>
      > Finally, there is the document's facture. I have seen many, many documents from this period, and the paper never looks this dark. The crumbled edges, also, are not what one usually sees. I'd guess that this paper was artificially aged. The type-written script is perhaps even more suspect. That particular narrow-capital, sans-serif font is something one frequently encounters on telegrams, especially from the 1920s through the 1940s. It is out of place on a typewritten letter from 1902, where one would expect to see a serif font -- or, even more likely, handwritten script.
      >
      > John Monroe
      >
      >
      >
      > ________________________________
      > From: mailto:African_Arts%40yahoogroups.com [mailto:African_Arts%40yahoogroups.com] on behalf of Ro Lubro [rolubro@...]
      > Sent: Thursday, May 16, 2013 9:47 AM
      > To: mailto:African_Arts%40yahoogroups.com
      > Subject: Re: Re : Aw: [African_Arts] I need information on how best to offer my small collection for sale [10 Attachments]
      >
      >
      > [Attachment(s) from Ro Lubro included below]
      >
      > Hi Daniel,
      >
      > Thank you for your reply.
      >
      > I don't think this is eBay material, given the value of the statues..
      >
      > I hereby send you the pictures.
      >
      > Extra information::
      >
      > All from 1902.
      >
      > Set 1:
      > Male & Female 105 cm / 41,3" high
      > Wood type: Baobab
      >
      > Set 2:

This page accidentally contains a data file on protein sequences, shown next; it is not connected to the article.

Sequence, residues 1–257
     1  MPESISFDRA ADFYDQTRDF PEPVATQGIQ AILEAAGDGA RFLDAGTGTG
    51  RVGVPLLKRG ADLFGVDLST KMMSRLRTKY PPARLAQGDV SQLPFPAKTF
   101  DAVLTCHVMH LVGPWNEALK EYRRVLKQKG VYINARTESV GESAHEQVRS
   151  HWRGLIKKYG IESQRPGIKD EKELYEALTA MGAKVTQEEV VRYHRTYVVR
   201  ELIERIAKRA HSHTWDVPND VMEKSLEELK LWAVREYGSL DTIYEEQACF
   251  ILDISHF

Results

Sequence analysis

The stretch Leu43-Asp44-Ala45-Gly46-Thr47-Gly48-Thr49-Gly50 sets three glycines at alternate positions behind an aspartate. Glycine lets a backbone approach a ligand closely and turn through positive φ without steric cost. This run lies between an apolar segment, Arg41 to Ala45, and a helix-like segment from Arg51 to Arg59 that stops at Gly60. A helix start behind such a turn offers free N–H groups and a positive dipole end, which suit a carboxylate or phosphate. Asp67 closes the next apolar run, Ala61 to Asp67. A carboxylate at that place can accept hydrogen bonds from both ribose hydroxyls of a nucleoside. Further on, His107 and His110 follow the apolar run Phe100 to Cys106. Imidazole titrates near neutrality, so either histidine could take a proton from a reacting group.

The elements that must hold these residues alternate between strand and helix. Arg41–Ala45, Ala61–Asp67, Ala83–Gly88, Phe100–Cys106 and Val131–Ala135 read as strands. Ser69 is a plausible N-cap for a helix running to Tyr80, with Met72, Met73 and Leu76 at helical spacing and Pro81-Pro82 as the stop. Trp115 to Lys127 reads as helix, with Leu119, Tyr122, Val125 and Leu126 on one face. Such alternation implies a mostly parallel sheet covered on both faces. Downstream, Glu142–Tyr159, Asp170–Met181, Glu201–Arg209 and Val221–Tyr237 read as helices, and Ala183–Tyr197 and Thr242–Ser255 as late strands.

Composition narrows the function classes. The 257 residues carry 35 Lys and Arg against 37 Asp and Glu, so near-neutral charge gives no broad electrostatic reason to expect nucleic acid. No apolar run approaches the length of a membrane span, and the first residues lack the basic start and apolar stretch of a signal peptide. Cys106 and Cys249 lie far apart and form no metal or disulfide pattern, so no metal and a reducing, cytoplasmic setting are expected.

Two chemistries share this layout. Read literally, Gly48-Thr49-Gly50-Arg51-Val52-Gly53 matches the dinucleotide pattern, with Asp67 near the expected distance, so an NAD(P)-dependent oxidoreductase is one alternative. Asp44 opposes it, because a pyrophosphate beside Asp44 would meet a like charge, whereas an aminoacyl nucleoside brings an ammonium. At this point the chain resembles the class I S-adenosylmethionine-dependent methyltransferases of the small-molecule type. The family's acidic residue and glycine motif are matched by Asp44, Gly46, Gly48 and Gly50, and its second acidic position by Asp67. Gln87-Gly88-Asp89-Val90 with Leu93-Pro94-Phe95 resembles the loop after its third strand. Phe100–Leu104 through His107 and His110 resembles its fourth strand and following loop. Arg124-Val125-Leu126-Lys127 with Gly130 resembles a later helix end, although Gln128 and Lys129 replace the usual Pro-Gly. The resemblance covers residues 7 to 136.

> Male & Female 160 cm / 63' high
      > Wood type: Baobab
      >
      > Set 3:
      > Male & Female 180 cm / 70,9" high
      > Wood type: Yokaliptus
      >
      > I also added a scan of the original certificate. There is one certificate for the complete lot of 6 statues.
      >
      > If you have any further question, please feel free to ask.
      >
      > Due to my busy schedule I kindly ask you to contact my via email. (rolubro@...<mailto:rolubro@...>)
      >
      > Kind regards,
      > I.P. Wolbes
      > +31 - 6-14196542
      >
      > ________________________________
      > From: Mon Bakota <monbakota@...>
      > To: mailto:African_Arts%40yahoogroups.com
      > Sent: Thursday, May 16, 2013 10:09 AM
      > Subject: Re : Aw: [African_Arts] I need information on how best to offer my small collection for sale
      >
      >
      > OK
      >
      > send us pictures and also you can sell them throug ebay or open you blog.
      >
      > Daniel
      >
      > --- En date de : Mer 15.5.13, jens nagel <jenagel@...> a écrit :
      >
      > De: jens nagel <jenagel@...>
      > Objet: Aw: [African_Arts] I need information on how best to offer my small collection for sale
      > À: mailto:African_Arts%40yahoogroups.com
      > Date: Mercredi 15 mai 2013, 20h26
      >
      >
      >
      > Hello Ro, you could start to present some Fotos of your statues.
      > Best regards
      >
      > Gesendet: Mittwoch, 15. Mai 2013 um 16:16 Uhr
      > Von: rolubro <rolubro@...>
      > An: mailto:African_Arts%40yahoogroups.com
      > Betreff: [African_Arts] I need information on how best to offer my small collection for sale
      >
      > Hello all,
      >
      > Can anybody please advise me where/what I can do best to sell my small collection of African statues?
      >
      > Since I do not have may statues (3 x a couple) but they have a high value estimate, I find it very hard to sell them in my country. (Holland)
      >
      > Any tip will be highly appreciated.
      >
      > Kind regards,
      > Ro
      >